the physician’s right to override a disputed patient’s advance directive

the physician's right to override a disputed patient's advance directive

A nurse, in a room in the intensive care unit of the Valenciennes hospital (North), April 6, 2021.

At a time when the Head of State is launching a major debate on the end of life, the Constitutional Council will have to rule on the delicate question of the imperative nature of advance directives. The scenario pleaded in public hearing, Tuesday, October 25, on the occasion of a priority question of constitutionality (QPC), is completely new.

It concerns a man who had written advance directives in June 2020 stating that he wished to be kept alive. “even artificially”, if he were to be plunged into a prolonged coma deemed irreversible. In May, then aged 43, he was run over by the truck he was repairing. Victim of numerous fractures and cardiorespiratory arrest, he arrived in a coma at the intensive care unit of the Valenciennes hospital (North), with a vital prognosis.

In July, following in-depth examinations and consultation with resuscitators outside the team, in accordance with the collegial procedure provided for by the Claeys-Leonetti law of 2016, the hospital judges ” useless ” and even “disproportionate” the maintenance of acts and treatments having no other effect than to maintain life artificially, without any prospect of improvement. Continuing care would only allow a “quality of survival (…) catastrophic ». The law authorizes the suspension of processing “when they result from unreasonable obstinacy”.

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The decision to stop treatment, in this case mechanical ventilation, and artificial nutrition and hydration, was taken on July 15. To override the patient’s wishes, which are clearly brought to the attention of the medical team, the hospital refers to article L. 1111-11 of the public health code, paragraph 3 of which provides that advance directives are binding on the doctor except when they “appear manifestly inappropriate or not consistent with the medical situation”.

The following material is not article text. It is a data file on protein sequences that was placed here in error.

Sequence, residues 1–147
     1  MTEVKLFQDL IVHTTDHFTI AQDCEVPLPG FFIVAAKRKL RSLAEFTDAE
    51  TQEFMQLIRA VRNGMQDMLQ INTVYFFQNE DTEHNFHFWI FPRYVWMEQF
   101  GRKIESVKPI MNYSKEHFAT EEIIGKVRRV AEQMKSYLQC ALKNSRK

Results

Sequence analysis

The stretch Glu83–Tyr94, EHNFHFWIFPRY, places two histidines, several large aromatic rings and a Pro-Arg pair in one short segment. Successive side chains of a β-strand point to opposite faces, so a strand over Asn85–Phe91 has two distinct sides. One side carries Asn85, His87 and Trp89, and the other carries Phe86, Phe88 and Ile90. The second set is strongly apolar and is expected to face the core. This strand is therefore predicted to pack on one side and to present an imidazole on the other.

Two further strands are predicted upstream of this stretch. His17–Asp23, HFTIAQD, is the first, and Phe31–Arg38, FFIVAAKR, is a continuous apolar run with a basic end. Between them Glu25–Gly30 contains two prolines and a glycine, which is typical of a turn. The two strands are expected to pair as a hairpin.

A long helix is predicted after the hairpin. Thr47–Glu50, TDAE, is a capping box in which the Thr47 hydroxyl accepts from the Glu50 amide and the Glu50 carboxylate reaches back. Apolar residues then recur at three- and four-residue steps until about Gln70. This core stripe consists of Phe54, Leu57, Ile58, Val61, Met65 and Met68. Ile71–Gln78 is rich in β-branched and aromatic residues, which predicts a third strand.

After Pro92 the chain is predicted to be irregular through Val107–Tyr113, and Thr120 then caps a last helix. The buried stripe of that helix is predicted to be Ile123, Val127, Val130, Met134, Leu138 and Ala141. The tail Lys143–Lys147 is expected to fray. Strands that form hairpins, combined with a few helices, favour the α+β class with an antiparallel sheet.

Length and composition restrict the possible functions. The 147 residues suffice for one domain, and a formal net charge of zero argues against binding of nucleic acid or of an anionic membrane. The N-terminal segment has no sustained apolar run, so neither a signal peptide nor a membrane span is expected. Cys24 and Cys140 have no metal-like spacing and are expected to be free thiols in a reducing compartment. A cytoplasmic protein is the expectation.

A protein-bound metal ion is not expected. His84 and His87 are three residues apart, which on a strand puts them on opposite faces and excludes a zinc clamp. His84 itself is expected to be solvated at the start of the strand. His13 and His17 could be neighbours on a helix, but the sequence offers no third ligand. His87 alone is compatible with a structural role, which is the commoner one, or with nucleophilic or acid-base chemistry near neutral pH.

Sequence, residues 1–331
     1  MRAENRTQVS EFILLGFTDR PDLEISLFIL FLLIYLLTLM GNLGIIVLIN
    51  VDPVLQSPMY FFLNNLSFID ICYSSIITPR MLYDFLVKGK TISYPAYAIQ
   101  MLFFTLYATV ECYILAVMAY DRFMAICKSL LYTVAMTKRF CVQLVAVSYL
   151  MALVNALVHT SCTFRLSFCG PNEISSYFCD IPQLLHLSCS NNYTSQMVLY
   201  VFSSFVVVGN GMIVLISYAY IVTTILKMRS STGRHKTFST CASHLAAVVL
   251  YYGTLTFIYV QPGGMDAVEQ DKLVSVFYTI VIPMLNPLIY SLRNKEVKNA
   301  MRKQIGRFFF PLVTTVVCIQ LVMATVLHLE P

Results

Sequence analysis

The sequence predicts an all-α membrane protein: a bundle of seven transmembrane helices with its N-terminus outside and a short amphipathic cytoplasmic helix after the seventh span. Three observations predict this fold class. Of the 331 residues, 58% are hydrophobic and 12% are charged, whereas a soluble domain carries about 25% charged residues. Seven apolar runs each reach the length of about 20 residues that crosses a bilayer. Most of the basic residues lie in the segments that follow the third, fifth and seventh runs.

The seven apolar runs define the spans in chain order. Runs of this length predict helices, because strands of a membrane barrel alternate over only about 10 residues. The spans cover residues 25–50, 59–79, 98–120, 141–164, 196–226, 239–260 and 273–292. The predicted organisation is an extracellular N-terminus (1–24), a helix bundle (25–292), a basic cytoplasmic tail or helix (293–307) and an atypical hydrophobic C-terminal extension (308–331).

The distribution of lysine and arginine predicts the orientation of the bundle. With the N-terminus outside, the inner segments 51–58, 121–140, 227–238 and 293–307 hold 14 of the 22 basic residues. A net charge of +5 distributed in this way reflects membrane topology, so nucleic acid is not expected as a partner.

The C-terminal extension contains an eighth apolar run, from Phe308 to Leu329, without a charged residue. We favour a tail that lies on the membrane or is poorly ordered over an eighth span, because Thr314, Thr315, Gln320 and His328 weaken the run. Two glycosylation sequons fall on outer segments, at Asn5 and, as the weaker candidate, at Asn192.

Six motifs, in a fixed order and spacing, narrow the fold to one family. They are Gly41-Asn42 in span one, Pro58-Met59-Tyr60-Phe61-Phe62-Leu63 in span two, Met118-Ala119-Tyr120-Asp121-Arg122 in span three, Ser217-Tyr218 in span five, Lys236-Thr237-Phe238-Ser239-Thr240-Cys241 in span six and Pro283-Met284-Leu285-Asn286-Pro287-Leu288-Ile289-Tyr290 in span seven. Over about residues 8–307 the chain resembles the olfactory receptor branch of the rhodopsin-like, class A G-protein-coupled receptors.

Respect for the principle of “freedom of conscience”

The family’s appeal against this decision to stop treatment was rejected on July 22 by the urgent applications judge of the Lille administrative court, before being examined on appeal by the Council of State. On this occasion, a QPC was raised and sent to the Constitutional Council. The latter does not have to decide on the particular case of this unfortunate family, but on the conformity or not with the Constitution of the exception provided for in this article L. 1111-11.

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According to family lawyer Ludwig Prigent, this section of the law which allows doctors to end a patient’s life against his will is unconstitutional. It violates the principles of safeguarding the dignity of the human person, as well as the freedom of conscience and personal freedom guaranteed by the Declaration of the Rights of Man and of the Citizen. Searching for elements in the parliamentary works on the Claeys-Leonetti law, the lawyer asserts that the legislator did not “never wanted to let the doctor override advance directives”. The exception to their enforceability would have been introduced only at the end of the debate on the bill in order to allow doctors, in the opposite scenario to that of the day, not to practice euthanasia which would have been desired. by a patient.

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